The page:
Thursday, May 28, 2009

I Am a Cliche

You guessed it. The de riguer hiatus. In the past few weeks I've started to post several times before giving up. Not really sure why, but can no longer pretend that the feeling of burn out isn't real. So, rather than fight it, I've decided to give into the ennui and take a break. A few months is what I'm thinking now, but who knows. In the interim, feel free to e-mail me at or follow me on Twitter (tosyandcosh).

Happy summer to all!

Until Whenever

Wednesday, May 20, 2009

Discovering Songs

After watching the Scrubs finale I simply had to go get the song used in the fantasy future montage at the end - Peter Gabriel doing a cover of The Magnetic Fields' "The Book of Love."

I did not know this song, either the original or this cover, before, but was instantly smitten, which almost never happens for me with songs on a first hearing. What I find very surprising is that iTunes didn't have it for sale on its own, but only as part of the soundtrack to the Shall We Dance Richard Gere flop. Why oh why do they do this? Isn't the ability to buy jiust the song you want kind of the point of iTunes?

Thankfully, I was able to get the audio off of the YouTube video and rip an mp3 that way. And now Peter Gabriel doesn't get amy of my money. Smart, iTunes.

Until Whenever

Tuesday, May 12, 2009

Random TV Notes

(That Also Contain Random Spoilers)

  • The House finale was fun, but I really hope they don't abandon the "House in a loonie bin" angle too quickly. There's lots of potential there, but I fear that, come Fall, the show will revert to the status quo too quickly to make use of it.
  • I appreciate that, on The Big Bang Theory they are trying to take a very slight hand to the by-now obligatory sitcom cliche of the unrequited love angle, but the CBS marketing monkeys really should get on the same page. They promo'ed the finale as a big Leonard/Penny moment when the reality was much more subtle than that.
  • It's been intimated elsewhere that we won't meet How I Met Your Mother's titular mother until the series finale. I know many are fine with this, but I really like this part of the show, and think they need to move faster on it. I'd really love to see a few seasons of the mother integrating with the group. Unless they go with a Will & Grace model, with Ted unable to find true love until he lets go of his college friends. That doesn't feel right here though. The central relationship on W&G was always portrayed as (partially, at least) unhealthy. You never get that feel on HIMYM.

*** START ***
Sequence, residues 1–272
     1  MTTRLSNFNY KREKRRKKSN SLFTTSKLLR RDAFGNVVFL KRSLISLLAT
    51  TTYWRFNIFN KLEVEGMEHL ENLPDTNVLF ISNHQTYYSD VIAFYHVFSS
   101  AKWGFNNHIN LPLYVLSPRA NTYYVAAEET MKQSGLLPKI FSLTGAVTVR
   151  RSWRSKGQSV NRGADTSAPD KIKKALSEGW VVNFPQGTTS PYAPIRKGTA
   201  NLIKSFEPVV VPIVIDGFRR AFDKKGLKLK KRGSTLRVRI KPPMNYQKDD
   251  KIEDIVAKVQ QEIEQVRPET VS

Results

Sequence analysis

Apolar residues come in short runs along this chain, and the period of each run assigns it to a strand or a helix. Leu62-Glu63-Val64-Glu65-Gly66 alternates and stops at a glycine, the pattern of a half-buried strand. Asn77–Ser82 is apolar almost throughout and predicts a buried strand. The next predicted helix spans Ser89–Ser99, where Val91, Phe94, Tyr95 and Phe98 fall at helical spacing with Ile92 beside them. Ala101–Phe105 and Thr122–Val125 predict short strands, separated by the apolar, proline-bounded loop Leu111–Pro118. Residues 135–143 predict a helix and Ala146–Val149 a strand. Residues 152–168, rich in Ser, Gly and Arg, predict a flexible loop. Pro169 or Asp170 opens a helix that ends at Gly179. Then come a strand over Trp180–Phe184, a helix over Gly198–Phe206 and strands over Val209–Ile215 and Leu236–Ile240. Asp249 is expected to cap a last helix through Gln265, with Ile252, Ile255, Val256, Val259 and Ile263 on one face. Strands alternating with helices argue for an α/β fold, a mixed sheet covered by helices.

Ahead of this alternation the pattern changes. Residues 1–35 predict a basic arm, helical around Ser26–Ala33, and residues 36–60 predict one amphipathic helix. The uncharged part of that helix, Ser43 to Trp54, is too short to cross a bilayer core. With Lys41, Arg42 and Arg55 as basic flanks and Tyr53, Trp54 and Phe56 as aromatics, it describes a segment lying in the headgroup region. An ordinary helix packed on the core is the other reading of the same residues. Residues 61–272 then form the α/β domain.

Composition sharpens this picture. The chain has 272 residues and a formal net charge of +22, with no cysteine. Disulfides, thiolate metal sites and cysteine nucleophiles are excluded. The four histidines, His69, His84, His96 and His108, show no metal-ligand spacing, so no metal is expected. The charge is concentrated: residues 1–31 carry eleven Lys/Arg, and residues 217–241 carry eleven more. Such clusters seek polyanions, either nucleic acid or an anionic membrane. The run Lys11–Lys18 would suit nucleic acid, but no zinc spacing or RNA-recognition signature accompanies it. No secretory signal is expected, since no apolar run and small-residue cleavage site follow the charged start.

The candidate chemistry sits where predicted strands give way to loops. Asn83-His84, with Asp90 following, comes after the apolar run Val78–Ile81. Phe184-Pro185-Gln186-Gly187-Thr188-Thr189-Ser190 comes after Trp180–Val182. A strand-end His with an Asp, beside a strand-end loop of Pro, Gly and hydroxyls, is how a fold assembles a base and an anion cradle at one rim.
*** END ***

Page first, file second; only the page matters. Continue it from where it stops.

• When Family Guy did a Stephen King night, didn't it feel way too soon to have a Shawshank homage? And then I remembered that that film came out 15 years ago. Yikes.
  • The Office has been so good, so assured, that I might actually be looking more forward to its finale than Lost's.
  • When watching American Idol last week, one of my five-year olds, shortly after Gokey started "Dream On," said "they're (the judges) not gonna like this."
  • Lost has been doing a LOT of set up the past few episodes, so much that I'm actually kind of nervous about their ability to pull off a finale that justifies all of it. Still, fingers crossed.

Until Whenever

Wednesday, May 06, 2009

He’s No Superman

In honor of Scrubs’ series (season?) finale tonight, here are my ten favorite uses of music on the show, in no particular order:

J.D.’s first emotional connection to a dying patient is scored to – NOT Jeff Buckley’s "Hallelujah,” but John Cale’s!

Turk and Carla, and J.D. and a brief girlfriend whose name I don’t remember, settle down to watch Sanford and Son, with Turk singing improvised lyrics.

Turk races to find a pregnant teen in the park during a Christmas episode over Nina Simone's "Sinnerman"

Ted's a capella band performs a killer version of the Underdog theme song.

Colin Hay does an acoustic "Overkill"

Ted's band does "Over the Rainbow"

Cox loses it after losing one too many patients

Everything Comes Down to Poo

Guy Love

Ted's girlfriend's song

Ted does Hey Ya at the janitor's wedding

I hope they bring Scrubs back just for Ted.

Until Whenever
I Sound Like I’m From Joisey. Who Knew.

If you are not listening to the all-cover songs, all the time podcast Coverville, well than there’s no hope for you. Brian Ibbitt puts together a roughly thrice-weekly show full of cover songs, with pretty much each show unearthing a great cover you probably never heard before.

As part of his “request” shows, Brian features a “musically challenged” trivia contest, in which listeners record and send in short music trivia games that Brian (along with wife Tina) compete in. And in the current episode, the “musically challenged” is a submission by Tosy and Cosh.
Go over and have a listen. But more importantly, go over and subscribe. You won’t regret it.

Until Whenever

Tuesday, May 05, 2009

Three by Three


Three things I liked about The Reader